It is said that the best design solutions are often found when a project comes with a very strict set of parameters. So it makes sense that architectural games, with their coded restrictions and rigid rulesets, tend to draw out a particular kind of creative problem solving. Recently, games like SimCity and Cities: Skylines have inspired designers to experiment with constructing virtual cities without the fear of causing real-life consequences. In turn, these creations have inspired new perspectives on real-world designs.
The newest entrant to the world of architectural gaming is Block’hood, a neighborhood-building simulator that challenges the user to create a functioning community out of 1x1x1 blocks of various program. The interface features bold, stirring graphics from an axonometric view and effects that cycle between day and night. Block’hood taps into the simple desire to play with blocks, and then ups the ante by making the blocks’ existence vulnerable to the environmental conditions you create.
Starting is as easy as picking a block and clicking on an open square on your blank site. Each block requires and produces different resources, the management of which is essential to maintaining and growing your neighborhood. For example, trees require water and produce fresh air; windmills require money and produce electricity; apartments require water and electricity and produce labor, youth and community. As soon as you have a block placed, you begin to receive data feedback: what resources are your blocks using and producing? Are all of your units accessible? Is your tower structurally sound? If units aren’t receiving the input resources they require, they begin to decay, and if left unresolved, will break down entirely. Soon, the ground plane will be filled, and growth will need to continue vertically. Most blocks can be stacked, and access can be linked using staircases, elevators and structured corridors.
In the vein of classic city building games like SimCity, success in Block’hood requires resource management and a balance between varying building types. Building efficiency is impacted by proximity to other block types, and an efficient design is rewarded with increased resource output. But where SimCity tries to reproduce the visual scale of a real-life city, Block’hood aligns all buildings to the same size, a single 1x1x1 block. In this manner, building types look strange standing alone, and beg to be stacked, the way children stack blocks to create utopian dream cities.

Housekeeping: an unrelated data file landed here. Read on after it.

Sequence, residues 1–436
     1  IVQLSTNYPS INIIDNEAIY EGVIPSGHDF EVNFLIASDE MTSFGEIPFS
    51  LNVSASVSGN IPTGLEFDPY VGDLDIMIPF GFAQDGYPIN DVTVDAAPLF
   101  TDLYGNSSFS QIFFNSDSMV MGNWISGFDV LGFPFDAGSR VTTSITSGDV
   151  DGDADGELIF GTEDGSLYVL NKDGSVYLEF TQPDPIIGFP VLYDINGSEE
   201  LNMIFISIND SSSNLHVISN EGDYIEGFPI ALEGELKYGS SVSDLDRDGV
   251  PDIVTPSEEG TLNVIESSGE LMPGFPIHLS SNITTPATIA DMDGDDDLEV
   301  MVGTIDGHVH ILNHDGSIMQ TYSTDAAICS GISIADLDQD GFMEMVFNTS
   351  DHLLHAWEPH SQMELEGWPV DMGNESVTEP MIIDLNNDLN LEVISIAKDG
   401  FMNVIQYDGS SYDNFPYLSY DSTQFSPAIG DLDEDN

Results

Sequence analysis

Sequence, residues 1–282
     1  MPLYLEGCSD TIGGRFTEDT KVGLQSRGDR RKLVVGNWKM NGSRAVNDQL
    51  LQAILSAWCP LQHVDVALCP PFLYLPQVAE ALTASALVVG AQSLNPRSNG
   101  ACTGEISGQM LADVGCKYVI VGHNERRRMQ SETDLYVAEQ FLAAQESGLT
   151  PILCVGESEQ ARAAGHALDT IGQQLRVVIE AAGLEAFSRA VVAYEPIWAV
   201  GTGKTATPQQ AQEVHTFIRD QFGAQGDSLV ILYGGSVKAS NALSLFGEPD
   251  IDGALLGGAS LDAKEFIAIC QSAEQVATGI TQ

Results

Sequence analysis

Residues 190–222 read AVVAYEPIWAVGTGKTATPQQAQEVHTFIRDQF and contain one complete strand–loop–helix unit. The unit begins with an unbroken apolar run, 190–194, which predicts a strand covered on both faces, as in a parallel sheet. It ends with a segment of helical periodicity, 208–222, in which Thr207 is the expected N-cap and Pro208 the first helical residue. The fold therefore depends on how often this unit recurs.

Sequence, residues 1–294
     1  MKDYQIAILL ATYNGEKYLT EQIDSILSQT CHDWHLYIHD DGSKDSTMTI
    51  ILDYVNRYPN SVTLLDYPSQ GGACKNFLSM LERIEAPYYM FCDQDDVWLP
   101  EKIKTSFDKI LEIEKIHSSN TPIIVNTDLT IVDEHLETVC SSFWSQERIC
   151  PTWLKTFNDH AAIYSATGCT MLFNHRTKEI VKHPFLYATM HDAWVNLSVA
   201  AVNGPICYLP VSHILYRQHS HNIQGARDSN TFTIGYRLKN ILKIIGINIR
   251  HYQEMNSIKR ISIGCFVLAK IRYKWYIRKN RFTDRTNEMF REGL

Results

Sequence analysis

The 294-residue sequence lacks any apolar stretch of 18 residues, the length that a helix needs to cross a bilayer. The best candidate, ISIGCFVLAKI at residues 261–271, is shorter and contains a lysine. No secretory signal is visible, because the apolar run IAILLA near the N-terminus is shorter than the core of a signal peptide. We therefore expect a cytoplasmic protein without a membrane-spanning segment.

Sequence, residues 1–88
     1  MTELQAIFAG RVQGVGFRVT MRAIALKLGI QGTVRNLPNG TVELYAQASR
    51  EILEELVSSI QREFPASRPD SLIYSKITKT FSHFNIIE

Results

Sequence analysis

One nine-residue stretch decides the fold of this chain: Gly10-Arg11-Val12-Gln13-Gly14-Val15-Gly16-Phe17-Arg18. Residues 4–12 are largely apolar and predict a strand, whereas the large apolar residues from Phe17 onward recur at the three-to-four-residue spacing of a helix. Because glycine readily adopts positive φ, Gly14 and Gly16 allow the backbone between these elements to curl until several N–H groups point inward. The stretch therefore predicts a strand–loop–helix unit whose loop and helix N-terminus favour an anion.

Yet Block’hood does not readily allow for a utopian solution. There is no “beating” the game or perfect structure. This opens up the player to use their creativity to create elegant solutions to community needs—though it's a process that takes practice. My initial attempts at creating a ‘hood segregated human occupied spaces into designed areas and left resource-producing blocks scattered around the perimeter of the buildable surface; a logical solution, but not an attractive one. But it is issues like this that feel the most useful to our improving our real-life design intuition—as future cities become more dense, structures will need to house a wider variety of functions, rather than relegate them to the outskirts of town.
One challenge of the equal-sized block system is that each human block requires access, yet corridors take up as much room as the spaces they lead to. This led me to try to discover new ways of connecting spaces that could serve their own function—rather than connect apartments linearly, I began connecting them to shared park spaces, sometimes containing civic spaces such as a market or a school. The constraints and the scale force you to place single structures with a more urban perspective.
Screencaps by the game producers show designs ranging from Metabolist-inspired capsule towers to small villas surrounded by lakes and greenery. I wasn’t quite able to replicate either while maintaining my resource balance, but that doesn’t mean it wouldn’t be possible, rather that the game requires a cognitive skill that can only be gained through iteration and practice. This increases the game’s replayability, and ensures a different result every time.
Real-world design often benefits from the constraints that are placed upon it by its context. Block’hood, too, gains from its abstraction of society and simplicity of use, resulting in a game that offers users an entertaining, stress-free design experience at a scale that is simultaneously architectural and urban.